“The book as world and the world as book” at the Warburg Institute


Alberto Manguel, picture by Fronteiras do Pensamento [CC BY-SA 2.0 (https://creativecommons.org/licenses/by-sa/2.0)%5D via Wikimedia Commons

Last Friday 20th April the Warburg Institute in London organised an event that focused on books and readers in the Spanish speaking world, entitled The book as world and the world as book. The keynote of the event was a delightful -to say the least- conversation between the Warburg’s director, Bill Sherman, and Alberto Manguel, writer and Director of the National Library of Argentina. Coincidentally, Manguel’s book Packing my Library featured as “Book of the week” on BBC Radio 4 at the beginning of the month (the UL copy stands at C205.d.5241). Their discussion, of course, was all about books, writing, reading and libraries and also about Manguel’s experiences as a young man when he read aloud to an old and blind Borges. The book With Borges (a copy is held at Jesus College’s Quincentenary Library) offers memories of the encounter and of Borges’ life beyond his writings. The  Spanish edition of the work, translated by Eduardo Berti can be found at C202.c.5582. Alberto Manguel’s holdings at the University Library are reasonably complete, both in Spanish and English, and demonstrate his flair as a writer, editor and translator (click here to see all 62 titles). Continue reading

Individuality at a price: classification and Martin Luther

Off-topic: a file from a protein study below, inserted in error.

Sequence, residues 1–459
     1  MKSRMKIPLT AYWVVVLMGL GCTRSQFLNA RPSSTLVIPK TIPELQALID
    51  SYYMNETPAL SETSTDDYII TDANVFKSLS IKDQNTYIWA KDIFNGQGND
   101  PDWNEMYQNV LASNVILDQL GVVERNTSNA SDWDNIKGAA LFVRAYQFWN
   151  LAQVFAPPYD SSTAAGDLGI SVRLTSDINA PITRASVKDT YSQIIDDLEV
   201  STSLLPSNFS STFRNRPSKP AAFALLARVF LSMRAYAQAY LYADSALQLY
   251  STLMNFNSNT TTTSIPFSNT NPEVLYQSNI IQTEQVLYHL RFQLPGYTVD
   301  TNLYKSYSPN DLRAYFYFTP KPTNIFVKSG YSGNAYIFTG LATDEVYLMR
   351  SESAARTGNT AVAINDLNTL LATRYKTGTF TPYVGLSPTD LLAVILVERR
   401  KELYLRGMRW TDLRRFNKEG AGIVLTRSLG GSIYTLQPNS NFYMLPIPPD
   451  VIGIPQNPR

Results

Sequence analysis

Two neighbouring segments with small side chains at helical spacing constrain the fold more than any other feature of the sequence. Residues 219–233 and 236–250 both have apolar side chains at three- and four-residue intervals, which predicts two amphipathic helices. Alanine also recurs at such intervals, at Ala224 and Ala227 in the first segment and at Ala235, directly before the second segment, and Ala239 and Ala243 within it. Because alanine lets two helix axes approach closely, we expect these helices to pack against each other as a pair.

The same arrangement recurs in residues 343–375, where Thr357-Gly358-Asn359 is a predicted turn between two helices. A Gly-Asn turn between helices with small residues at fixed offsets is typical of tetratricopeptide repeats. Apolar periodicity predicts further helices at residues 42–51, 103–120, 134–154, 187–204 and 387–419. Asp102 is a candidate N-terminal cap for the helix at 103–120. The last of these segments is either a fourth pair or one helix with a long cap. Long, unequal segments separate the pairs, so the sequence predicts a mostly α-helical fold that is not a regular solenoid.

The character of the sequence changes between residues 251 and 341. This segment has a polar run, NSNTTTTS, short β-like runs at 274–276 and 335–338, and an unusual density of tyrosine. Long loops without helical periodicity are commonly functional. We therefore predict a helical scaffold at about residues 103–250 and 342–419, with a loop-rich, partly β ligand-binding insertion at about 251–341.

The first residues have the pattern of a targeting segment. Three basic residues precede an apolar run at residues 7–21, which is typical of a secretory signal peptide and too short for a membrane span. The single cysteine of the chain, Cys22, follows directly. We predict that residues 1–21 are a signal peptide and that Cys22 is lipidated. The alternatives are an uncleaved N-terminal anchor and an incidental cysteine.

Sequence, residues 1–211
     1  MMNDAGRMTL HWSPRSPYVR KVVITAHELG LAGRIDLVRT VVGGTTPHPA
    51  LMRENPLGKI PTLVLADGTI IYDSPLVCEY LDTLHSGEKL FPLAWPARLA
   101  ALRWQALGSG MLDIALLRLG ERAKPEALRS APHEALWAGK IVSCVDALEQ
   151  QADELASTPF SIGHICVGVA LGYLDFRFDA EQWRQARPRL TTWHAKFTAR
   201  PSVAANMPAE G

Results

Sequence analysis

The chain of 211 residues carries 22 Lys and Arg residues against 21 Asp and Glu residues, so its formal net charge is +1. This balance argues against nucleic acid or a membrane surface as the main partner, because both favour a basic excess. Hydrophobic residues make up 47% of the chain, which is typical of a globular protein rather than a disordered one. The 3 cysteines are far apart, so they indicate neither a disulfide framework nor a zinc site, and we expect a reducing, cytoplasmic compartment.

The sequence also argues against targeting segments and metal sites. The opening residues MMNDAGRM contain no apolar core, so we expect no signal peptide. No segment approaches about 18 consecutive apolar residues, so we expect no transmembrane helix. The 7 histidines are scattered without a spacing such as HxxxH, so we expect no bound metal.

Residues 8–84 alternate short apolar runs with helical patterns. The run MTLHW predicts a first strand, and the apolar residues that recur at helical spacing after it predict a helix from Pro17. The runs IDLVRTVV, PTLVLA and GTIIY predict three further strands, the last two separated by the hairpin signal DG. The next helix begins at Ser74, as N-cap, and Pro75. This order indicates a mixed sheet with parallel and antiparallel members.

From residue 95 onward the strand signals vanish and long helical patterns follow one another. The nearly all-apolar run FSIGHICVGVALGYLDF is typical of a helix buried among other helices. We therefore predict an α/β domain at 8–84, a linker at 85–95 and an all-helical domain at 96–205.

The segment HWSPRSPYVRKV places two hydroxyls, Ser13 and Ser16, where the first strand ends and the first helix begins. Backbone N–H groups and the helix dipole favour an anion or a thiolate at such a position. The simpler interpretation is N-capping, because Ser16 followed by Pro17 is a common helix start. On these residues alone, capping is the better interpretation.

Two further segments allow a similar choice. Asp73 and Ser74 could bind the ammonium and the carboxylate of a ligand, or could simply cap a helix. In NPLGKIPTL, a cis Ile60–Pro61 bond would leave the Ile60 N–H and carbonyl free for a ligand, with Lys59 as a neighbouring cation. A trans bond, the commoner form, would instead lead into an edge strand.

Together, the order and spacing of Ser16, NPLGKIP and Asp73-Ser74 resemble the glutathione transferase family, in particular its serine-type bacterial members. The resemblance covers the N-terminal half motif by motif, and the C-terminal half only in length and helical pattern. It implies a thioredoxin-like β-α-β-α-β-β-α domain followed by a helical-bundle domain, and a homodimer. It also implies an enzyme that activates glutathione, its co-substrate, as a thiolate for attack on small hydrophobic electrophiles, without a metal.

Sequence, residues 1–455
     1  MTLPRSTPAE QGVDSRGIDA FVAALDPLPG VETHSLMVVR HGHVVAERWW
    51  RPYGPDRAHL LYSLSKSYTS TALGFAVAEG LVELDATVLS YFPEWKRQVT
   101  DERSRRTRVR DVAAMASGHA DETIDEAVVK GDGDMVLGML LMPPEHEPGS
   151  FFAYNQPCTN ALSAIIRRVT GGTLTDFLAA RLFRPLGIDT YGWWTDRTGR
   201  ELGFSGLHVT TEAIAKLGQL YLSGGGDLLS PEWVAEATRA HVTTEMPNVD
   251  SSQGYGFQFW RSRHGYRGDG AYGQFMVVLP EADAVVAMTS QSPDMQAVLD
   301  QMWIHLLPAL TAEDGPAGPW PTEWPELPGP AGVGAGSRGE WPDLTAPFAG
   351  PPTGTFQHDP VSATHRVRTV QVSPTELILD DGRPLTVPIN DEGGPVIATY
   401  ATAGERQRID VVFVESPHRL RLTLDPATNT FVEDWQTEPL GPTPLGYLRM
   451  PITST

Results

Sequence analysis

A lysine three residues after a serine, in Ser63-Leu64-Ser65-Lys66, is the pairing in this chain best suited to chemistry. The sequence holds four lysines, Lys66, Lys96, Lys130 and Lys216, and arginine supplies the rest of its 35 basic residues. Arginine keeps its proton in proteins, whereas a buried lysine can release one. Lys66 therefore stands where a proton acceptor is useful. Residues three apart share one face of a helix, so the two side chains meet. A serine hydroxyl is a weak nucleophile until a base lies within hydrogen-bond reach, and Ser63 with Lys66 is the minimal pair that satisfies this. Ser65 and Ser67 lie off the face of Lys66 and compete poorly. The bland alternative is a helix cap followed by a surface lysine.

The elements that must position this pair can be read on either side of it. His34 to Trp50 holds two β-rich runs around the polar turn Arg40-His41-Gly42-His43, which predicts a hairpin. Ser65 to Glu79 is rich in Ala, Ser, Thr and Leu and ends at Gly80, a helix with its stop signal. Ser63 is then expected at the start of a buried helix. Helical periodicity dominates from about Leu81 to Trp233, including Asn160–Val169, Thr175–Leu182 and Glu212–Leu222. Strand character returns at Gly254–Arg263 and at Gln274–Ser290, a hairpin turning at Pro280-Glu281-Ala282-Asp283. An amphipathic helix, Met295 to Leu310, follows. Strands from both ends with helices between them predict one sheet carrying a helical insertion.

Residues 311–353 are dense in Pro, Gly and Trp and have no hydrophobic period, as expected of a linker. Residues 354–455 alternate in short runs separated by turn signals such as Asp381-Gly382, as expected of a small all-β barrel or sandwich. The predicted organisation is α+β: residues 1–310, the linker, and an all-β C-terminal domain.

D. Martin Luthers Werke : kritische Gesamtausgabe.

D. Martin Luthers Werke : kritische Gesamtausgabe

No large academic library with significant holdings of open access
material would today ever invent its own classification scheme. Cambridge University Library’s individual and eccentric classification scheme, invented in the 1920s, has come to be viewed as a burden by the present generation of librarians. The British Library and the Bodleian, where most material is on closed access, don’t have to worry about classification at all. Most open access libraries in Britain and America will use either Dewey or Library of Congress. This means that just as they share cataloguing data, they can also share classification information. In the UL every time a title is added to the open shelves, we have to reinvent the wheel and classify from scratch, which limits our ability to streamline our processing of material. Continue reading